When Peggy and John Marlowe moved to Richardson over 35 years ago, The University of Texas at Dallas was just a few buildings among empty fields — hardly the bustling campus it is today. Nevertheless, it held an attraction for the University’s new neighbors.
“There was nothing there,” Peggy said. “But we still used to go up to UTD and walk around.”
At the time, UT Dallas had yet to admit its first classes of freshman and sophomores. Primarily a graduate school, any undergraduates who enrolled at UT Dallas were commuter students transferring from other local colleges.
As the years passed, the Marlowes watched UT Dallas grow in their own backyard, and began to feel a resonance between the University’s history and their own experiences in higher education.
Peggy grew up in south and east Texas. When she graduated from high school, attending college was not an immediate possibility, so she took a secretarial job in hopes of returning to school to become a teacher. After 10 years, Peggy was able to begin commuting to UT Tyler, where she eventually earned her teaching certification. She would later earn a master’s degree at Texas Woman’s University in preparation for work as an educational diagnostician.
John grew up in Tyler, the youngest of three children raised by a single mother.
“We were not poor, but not far from it,” John said. “My mother worked, and I worked from the time I was 12. I knew college wasn’t an option for me without working.”
John supported himself through two years at Tyler Junior College before transferring to Baylor University with the help of a fellowship. Between his personal income and the school’s financial aid, John was able to finish his degree.
The couple saw their own experiences reflected in the lives of the students Peggy taught in Richland College’s teacher preparation program.
“I saw students who were barely able to afford community college,” Peggy said. “The students I got to know all wanted to be teachers, so I could identify with them. I remember how it felt, when you feel like you are being called to be a teacher and yet you can’t do it.”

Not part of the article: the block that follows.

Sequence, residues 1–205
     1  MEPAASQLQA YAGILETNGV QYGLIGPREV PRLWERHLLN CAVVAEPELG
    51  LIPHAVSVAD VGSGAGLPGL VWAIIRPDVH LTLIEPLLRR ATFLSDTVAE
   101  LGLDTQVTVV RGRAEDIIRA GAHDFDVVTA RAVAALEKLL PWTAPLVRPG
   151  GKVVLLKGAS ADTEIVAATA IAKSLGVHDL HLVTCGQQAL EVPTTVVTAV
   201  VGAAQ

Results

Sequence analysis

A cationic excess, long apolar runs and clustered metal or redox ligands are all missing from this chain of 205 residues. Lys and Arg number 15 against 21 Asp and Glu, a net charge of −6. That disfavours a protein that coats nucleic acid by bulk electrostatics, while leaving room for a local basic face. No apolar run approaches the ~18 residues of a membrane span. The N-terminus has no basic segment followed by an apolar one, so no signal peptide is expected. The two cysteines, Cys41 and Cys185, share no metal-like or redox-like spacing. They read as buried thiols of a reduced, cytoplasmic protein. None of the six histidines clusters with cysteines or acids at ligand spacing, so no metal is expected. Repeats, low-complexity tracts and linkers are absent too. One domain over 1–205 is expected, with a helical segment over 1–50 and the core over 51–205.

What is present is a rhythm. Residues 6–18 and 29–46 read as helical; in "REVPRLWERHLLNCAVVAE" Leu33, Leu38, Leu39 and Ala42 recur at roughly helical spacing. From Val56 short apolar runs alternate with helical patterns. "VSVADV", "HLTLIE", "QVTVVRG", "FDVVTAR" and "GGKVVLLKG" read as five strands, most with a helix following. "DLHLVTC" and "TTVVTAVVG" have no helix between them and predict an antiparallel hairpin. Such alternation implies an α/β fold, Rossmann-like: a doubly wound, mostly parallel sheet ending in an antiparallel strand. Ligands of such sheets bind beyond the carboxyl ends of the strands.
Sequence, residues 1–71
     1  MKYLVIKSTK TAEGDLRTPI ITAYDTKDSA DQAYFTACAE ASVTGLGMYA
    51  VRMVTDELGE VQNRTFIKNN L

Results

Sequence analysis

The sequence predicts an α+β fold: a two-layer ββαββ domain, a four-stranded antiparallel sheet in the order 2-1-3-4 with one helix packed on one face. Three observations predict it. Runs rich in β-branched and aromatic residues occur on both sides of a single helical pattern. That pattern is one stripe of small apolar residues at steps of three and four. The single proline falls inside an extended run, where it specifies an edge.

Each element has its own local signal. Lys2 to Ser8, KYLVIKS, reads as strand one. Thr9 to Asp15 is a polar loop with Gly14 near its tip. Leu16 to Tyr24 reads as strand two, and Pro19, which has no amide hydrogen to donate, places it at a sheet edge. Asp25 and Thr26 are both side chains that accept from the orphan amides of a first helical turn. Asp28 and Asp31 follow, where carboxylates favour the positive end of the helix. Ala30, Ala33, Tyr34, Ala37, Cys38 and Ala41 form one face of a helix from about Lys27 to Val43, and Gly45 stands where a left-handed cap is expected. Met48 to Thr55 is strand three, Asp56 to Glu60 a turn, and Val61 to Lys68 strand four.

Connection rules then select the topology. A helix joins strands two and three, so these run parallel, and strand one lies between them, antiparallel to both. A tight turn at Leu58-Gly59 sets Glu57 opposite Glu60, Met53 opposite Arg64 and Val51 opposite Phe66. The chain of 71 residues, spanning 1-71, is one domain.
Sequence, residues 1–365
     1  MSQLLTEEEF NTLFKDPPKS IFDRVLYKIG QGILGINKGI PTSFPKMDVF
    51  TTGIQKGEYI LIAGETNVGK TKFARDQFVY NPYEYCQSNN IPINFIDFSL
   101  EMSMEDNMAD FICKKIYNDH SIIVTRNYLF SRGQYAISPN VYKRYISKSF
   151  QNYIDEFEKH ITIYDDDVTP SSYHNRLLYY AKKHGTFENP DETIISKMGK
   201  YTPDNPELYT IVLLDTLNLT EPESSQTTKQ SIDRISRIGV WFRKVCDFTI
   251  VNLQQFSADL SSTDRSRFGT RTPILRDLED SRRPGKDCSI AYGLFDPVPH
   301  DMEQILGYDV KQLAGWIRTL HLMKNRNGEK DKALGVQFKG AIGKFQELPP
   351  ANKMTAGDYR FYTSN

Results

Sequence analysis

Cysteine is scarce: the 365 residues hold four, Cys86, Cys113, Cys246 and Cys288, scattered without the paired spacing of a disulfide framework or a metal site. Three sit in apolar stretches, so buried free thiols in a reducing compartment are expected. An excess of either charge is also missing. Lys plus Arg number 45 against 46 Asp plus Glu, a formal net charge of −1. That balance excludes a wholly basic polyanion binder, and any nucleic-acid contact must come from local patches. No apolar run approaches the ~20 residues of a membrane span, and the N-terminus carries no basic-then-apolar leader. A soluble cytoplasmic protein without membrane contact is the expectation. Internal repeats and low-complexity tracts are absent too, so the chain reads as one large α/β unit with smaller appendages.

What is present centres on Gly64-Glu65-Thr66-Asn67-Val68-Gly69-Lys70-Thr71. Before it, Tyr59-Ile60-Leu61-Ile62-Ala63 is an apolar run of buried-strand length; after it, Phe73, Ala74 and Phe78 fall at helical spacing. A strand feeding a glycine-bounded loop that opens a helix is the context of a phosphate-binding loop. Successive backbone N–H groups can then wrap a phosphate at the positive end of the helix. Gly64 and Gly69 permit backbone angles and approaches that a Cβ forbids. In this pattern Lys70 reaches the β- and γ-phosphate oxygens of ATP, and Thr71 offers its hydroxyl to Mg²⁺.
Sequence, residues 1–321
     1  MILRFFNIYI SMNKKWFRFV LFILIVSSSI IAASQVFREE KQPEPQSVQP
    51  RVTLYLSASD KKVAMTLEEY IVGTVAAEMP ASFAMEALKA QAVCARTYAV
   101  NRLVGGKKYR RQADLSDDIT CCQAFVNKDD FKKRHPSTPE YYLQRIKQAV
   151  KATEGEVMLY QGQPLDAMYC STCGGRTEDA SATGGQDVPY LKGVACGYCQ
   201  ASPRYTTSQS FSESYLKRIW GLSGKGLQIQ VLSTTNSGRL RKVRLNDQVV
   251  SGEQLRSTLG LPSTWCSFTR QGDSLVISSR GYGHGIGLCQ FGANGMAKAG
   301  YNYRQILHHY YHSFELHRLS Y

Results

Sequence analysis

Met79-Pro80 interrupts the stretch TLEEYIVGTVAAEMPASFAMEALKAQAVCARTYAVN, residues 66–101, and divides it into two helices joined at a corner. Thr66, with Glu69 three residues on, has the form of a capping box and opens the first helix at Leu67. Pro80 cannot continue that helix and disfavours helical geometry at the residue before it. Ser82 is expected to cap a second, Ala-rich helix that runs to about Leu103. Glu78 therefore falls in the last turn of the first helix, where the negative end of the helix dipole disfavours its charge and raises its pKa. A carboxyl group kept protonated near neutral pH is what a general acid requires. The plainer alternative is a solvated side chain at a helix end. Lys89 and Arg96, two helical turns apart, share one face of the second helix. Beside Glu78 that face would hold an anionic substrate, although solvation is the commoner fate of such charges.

John and Peggy knew that these students were giving everything they had to pursue their educations. But they also understood that attempting to balance work and school has a detrimental effect on student outcomes.
“You can’t do both,” John said. “You can’t have the full college experience and also work. If there’s a way to make that situation more manageable for other people, we would like to be a part of that.”
Peggy and John found a way to help similar students when they began planning for their estate. The couple has documented a bequest at UT Dallas that will endow the John and Peggy Marlowe Scholarship. Their gift will support students transferring to UT Dallas from community colleges who aspire to teaching careers.
Establishing a planned gift allowed the couple to impact student lives and maintain financial security for their own futures.
“Although we are not actually funding the scholarship today, we have made plans to make a difference for students after we are gone,” Peggy said. “We hope others who may not currently be in a position to donate will consider this option, too.”
Of all the local universities that could have benefited from their generosity, UT Dallas was the natural fit for the couple’s plans.
“We’re a neighbor,” Peggy said. “Watching UT Dallas grow has been like watching one of your kids grow.”
The couple appreciates the opportunities that UT Dallas makes available for local students to better themselves through world-class academic programs. In the fall of 2018 alone, almost 2,000 transfer students enrolled at the University.
“There are so many exciting things happening at UTD,” John said. “Why wouldn’t you go there if you could?”
The Marlowes try to get to campus when they can for concerts, speakers and other community events, especially when UT Dallas’ basketball team plays UT Tyler, Peggy’s alma mater.
“I never lose!” Peggy boasted.
Even off campus, the couple sees the benefits of having UT Dallas as a neighbor.
“The University brings in individuals from so many different cultures,” Peggy said. “I love seeing students from around the world at the grocery store, restaurants and other neighborhood businesses. We have so much to learn from each other.”